How to Transport a Kayak

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So you’ve bought a kayak. Now, how are you going to get it to water so you can use it? Obviously, the best way to do it is to have kayak racks on top of your vehicle. These racks have curved cradles that allow you to make sure that the kayak is secured and protected.

A rack system is ideal if you have a whitewater kayak, but if you don’t have a rack, there are still ways you can get your kayak to the lake or river. Read on to learn more about how to transport a kayak.

Transporting A Fishing Kayak

Use a Pickup Truck

If you are lucky enough to own or have access to a pickup truck, you don’t need to bother with a roof rack for your kayak. But, of course, this is not always the best option, depending on the length of your kayak. A pickup truck is ideal for a shorter kayak, but it may not fit inside the truck bed if you have a longer sea kayak.

If you are transporting your kayak in a pickup truck, make sure that it is properly secured. It should fit snugly, so you may be required to use cam straps or even ropes. If you don’t have either, bungee cords will work just as well.

A cam buckle or a ratchet strap is ideal for securing a kayak on a pickup truck, and you can buy these at most hardware stores. By ratcheting these straps tightly, you can be sure that your kayak will stay put until you are ready to unload it. You will likely need to have up to five sets of straps to secure your kayak in a truck.

Use a Trailer

If you can get your hands on a kayak trailer, you will easily be able to transport your kayak pretty much anywhere. Even a car can easily tow a lightweight trailer, so you don’t necessarily need to have a truck. In addition, these are relatively small and less expensive when compared to other trailers.

You will need to have a hitch on the back of your vehicle to use a trailer. Generally, a two-inch hitch will do the trick, but it is always best to look at the specs before purchasing a trailer. If you have never driven with a trailer attached to your vehicle, you may also need to get a bit of practice before taking it out on the road.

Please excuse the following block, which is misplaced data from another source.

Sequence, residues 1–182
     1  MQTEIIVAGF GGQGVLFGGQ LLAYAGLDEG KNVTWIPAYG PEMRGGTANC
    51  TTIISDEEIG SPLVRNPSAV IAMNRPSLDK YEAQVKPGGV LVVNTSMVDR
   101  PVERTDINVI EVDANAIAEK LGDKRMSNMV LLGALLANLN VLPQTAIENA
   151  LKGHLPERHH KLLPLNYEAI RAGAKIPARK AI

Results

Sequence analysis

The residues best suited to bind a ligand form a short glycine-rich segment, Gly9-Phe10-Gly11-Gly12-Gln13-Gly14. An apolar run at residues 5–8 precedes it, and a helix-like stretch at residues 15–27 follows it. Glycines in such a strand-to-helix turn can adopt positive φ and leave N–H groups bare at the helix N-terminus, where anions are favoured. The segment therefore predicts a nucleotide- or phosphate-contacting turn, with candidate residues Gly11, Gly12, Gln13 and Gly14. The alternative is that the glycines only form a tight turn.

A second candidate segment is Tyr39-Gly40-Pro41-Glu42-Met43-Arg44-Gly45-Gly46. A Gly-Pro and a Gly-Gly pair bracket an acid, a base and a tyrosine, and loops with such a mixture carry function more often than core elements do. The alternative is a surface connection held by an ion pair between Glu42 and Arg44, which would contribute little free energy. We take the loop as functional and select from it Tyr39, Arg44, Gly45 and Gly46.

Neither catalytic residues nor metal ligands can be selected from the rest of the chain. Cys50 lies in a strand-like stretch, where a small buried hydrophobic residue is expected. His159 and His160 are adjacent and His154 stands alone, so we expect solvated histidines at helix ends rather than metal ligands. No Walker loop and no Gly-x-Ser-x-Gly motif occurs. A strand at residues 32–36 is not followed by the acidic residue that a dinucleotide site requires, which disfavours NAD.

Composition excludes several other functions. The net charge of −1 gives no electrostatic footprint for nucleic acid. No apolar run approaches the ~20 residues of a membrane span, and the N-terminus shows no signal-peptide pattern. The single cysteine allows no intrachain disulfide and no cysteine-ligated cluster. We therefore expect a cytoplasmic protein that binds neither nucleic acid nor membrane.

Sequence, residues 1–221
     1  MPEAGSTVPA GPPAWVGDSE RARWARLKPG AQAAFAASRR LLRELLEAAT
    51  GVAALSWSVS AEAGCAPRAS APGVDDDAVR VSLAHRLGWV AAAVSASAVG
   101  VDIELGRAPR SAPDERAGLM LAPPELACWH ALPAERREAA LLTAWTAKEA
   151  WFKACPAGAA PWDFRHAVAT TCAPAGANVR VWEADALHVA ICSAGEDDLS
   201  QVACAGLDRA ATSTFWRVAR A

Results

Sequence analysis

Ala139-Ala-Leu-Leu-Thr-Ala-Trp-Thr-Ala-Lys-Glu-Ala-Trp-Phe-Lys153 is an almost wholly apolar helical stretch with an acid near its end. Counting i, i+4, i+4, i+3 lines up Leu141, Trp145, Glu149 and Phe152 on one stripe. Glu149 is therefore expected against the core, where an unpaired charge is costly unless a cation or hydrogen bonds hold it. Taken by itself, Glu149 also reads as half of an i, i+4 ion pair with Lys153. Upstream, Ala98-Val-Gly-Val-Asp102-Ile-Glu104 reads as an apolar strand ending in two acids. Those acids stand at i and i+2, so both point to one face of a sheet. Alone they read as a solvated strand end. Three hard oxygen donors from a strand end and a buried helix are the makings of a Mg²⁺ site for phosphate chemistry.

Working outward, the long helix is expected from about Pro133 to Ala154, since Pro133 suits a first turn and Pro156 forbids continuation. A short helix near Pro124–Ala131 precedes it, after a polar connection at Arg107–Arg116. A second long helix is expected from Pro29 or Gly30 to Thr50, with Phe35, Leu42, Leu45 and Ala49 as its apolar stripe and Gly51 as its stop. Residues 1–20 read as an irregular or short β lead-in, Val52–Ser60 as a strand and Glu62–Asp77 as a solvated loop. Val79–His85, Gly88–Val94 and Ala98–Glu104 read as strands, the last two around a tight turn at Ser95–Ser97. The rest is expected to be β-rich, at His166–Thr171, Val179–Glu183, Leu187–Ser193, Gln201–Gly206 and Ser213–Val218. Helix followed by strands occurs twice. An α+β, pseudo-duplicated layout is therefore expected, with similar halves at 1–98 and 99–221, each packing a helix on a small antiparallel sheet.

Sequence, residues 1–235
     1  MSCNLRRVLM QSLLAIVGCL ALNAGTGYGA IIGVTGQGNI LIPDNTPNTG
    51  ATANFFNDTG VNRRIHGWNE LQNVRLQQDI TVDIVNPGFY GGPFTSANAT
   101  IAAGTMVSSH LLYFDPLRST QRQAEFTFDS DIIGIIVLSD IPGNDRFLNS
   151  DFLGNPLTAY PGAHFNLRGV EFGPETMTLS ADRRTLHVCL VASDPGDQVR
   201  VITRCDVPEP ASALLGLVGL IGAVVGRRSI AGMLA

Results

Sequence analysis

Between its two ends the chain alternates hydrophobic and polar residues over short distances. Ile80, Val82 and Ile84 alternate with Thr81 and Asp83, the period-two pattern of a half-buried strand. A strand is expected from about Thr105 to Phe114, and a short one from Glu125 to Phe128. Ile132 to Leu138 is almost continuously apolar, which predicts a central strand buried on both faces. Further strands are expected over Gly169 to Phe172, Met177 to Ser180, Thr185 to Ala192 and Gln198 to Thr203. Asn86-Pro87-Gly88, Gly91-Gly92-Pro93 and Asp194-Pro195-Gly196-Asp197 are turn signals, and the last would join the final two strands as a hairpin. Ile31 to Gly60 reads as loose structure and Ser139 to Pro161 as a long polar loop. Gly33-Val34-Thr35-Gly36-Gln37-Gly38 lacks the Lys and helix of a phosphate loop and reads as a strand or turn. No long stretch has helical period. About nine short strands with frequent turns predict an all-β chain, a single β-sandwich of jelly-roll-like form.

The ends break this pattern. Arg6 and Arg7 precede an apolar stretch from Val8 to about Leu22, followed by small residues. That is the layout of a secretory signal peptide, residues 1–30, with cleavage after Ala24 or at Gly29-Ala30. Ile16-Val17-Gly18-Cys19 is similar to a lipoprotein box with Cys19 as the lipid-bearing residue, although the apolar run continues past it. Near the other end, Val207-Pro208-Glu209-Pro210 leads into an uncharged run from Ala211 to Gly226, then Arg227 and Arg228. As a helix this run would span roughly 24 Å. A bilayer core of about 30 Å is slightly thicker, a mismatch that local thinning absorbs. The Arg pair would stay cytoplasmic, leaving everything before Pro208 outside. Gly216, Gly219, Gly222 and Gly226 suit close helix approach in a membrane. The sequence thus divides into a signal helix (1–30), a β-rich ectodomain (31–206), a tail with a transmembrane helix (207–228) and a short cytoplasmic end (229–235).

One of the best things about a kayak trailer is that you can haul more than just the kayak. You can also fit in many other items, including cargo boxes and even bicycles. So, if you want to transport more than one thing, a trailer might be your best option.

How to Transport a Kayak

Put it Inside an SUV

If you own an SUV, you may have enough room to have your kayak inside the vehicle. While this is not the ideal situation, if it is the only way you can transport your kayak, for the time being, it will have to suffice. To keep the kayak safe from dings, it is a good idea to put a rubber mat on the floor before loading the kayak inside.

The kayak should be placed upside-down in the SUV, and you will want to make sure that it is strapped down, so it doesn’t move around while you are driving. The biggest problem is going to be security. There likely will not be enough room to strap down your kayak, and this could end up causing a dangerous driving situation.

Another problem is that a kayak may block your view from the back window or the rear-view mirror. Then, there is always the chance that the kayak will damage the interior of the SUV. If this is your only option, you will have to make do, but if you have other options available, err on the side of caution and use those options.

Make Your Own Roof Rack

Pool noodles have so many interesting uses, including that they can be used to make a roof rack for your kayak. You will need the pool noodles, along with ratchet straps or cam buckles. The pool noodles should be the thickest ones you can get – the larger, the better.

After all, you want to make sure they cover the roof of your vehicle. You can find instructions online for making your own roof rack.

One Final Tip …

If you are going to be transporting a kayak, chances are it will be much longer than your car or truck, and it will extend beyond the back of the vehicle. Be sure to look into the laws in your area about this. You may need to have a red flag or marker that can easily be seen by the driver in the vehicle behind you.

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